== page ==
14. torque456

    torque456 Regular Member

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    China built a thousand jets with imported engines and other components. Tejas as it is , is better than good. Everything will be indigenised eventually, If you build in scale. The situation of IAF is dire and with an excellent product at hand, we are waiting for mk2. When mk2 comes what stops us from asking for AMCA as definitely it would be stealthy in comparison lca.

    What happens when amca comes and people ask us to wait for 6th gen because any meaningful number won't come before 2035. Even Pakistan will have squadrons of 5th gens.

    If we ramp up lca it would create an ecosystem which would boost investments in next gen tech and make amca possible and more likely to succeed and hopefully fast track hca and 6th gen.
     
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  15. torque456

    torque456 Regular Member

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    Rafales, typhoons, mirages all lacked guns or missiles with multiple squadrons in service. Heck we even imported jets without guns. Look at f 35, they have already built hundreds of them without foc.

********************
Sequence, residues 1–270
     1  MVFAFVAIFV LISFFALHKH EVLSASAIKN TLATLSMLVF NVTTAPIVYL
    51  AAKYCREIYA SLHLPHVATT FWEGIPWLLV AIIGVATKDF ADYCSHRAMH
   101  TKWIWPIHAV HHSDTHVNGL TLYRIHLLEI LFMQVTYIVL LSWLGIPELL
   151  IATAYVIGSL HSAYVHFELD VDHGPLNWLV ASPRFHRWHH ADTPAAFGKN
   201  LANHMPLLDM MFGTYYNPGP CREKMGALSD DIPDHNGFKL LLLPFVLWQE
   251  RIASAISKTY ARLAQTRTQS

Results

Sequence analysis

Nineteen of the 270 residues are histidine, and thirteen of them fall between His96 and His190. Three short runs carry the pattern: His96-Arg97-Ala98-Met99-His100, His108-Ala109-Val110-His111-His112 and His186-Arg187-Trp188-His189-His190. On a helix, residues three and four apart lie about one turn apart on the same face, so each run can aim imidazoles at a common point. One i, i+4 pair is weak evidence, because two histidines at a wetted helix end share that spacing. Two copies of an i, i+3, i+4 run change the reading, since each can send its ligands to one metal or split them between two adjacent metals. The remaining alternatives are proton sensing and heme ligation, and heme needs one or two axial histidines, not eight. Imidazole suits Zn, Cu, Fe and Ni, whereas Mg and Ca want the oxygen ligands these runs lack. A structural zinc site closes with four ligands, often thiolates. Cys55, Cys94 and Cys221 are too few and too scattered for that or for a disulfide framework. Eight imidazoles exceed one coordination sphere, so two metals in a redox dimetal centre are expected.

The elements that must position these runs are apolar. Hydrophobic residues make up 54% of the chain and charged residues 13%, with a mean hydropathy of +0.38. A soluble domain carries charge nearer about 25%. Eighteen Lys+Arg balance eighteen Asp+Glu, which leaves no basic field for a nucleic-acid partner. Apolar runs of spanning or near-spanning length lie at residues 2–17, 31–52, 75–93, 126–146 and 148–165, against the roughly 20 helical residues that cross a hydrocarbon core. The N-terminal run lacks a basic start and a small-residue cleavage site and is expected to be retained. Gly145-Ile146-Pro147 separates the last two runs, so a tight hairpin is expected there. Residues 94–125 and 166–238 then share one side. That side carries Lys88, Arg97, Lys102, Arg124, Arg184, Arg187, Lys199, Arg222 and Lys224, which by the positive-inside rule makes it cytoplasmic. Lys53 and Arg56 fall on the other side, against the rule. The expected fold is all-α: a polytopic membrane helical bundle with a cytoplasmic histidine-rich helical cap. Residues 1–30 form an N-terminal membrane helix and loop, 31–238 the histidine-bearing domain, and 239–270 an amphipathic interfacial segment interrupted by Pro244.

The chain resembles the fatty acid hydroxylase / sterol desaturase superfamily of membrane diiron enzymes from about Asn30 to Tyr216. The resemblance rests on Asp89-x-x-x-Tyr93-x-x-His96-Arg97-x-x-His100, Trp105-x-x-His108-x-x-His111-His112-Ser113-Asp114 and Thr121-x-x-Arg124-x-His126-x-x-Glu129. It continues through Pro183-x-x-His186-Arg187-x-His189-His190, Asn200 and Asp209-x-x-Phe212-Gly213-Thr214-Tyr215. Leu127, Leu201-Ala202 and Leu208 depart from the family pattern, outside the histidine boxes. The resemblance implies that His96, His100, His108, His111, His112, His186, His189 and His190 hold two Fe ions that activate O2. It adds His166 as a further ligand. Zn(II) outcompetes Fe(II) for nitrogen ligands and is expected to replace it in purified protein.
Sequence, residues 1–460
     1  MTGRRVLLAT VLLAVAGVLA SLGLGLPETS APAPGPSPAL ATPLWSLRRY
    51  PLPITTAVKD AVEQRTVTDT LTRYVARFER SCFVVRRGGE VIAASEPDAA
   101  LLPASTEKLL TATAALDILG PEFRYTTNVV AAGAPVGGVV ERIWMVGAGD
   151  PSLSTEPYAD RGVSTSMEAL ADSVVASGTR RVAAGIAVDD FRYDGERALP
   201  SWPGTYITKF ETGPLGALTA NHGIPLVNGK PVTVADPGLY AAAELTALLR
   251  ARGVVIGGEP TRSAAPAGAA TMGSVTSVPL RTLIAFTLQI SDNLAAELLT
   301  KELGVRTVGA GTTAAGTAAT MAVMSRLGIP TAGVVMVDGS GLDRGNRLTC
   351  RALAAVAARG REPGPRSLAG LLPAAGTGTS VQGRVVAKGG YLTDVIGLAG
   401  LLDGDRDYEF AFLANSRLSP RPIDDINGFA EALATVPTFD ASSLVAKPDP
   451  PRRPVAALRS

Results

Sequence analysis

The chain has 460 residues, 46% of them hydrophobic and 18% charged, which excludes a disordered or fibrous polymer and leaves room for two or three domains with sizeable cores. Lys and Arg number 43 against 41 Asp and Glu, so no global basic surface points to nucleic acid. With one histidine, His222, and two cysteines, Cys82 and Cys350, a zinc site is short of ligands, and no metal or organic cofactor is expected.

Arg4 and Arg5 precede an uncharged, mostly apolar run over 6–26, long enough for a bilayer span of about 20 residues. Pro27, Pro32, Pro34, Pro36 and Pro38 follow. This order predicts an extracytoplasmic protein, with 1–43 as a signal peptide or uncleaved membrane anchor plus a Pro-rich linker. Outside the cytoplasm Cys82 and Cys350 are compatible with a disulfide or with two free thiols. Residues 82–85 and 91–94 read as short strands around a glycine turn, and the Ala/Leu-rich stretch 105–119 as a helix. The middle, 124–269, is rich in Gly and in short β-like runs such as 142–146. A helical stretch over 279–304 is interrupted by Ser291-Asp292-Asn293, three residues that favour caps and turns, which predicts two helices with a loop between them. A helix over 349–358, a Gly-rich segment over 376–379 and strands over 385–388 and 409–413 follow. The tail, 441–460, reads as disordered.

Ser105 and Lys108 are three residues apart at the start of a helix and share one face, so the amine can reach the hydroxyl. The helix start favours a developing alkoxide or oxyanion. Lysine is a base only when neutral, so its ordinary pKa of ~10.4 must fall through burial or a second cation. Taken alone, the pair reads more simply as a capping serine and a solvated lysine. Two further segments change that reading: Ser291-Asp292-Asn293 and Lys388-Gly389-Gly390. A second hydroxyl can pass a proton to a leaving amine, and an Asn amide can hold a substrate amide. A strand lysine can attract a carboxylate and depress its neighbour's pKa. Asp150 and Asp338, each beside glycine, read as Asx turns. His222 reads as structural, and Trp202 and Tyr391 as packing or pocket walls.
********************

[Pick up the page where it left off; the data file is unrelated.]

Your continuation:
And here with lca with probably more than half missiles currently seen all over the world proven on it, we have pitiful order of 20 jets of ioc config.

    Guns trials will be successful tomorrow if not today. No problem is insurmountable.

    We are going to retire all mig 21 and 27 next year. We don't have anybother option.
     
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  16. cyclops

    cyclops Regular Member

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    "Perfection of tech" and mass production don't happen one by one, but are organic processes and happen as and when necessary.
    We cannot wait for the perfect subsystem every single time.
    This is where IAF mucked up.

    Mass production allows the production lines to improve and use resources efficiently, hence the term economies of scale.
    Which means costs drop down as more fighters are made and as more fighters are made the engineers eventually are able to pin point problems in the aircraft easily and find new ways to make and install the aircrafts faster.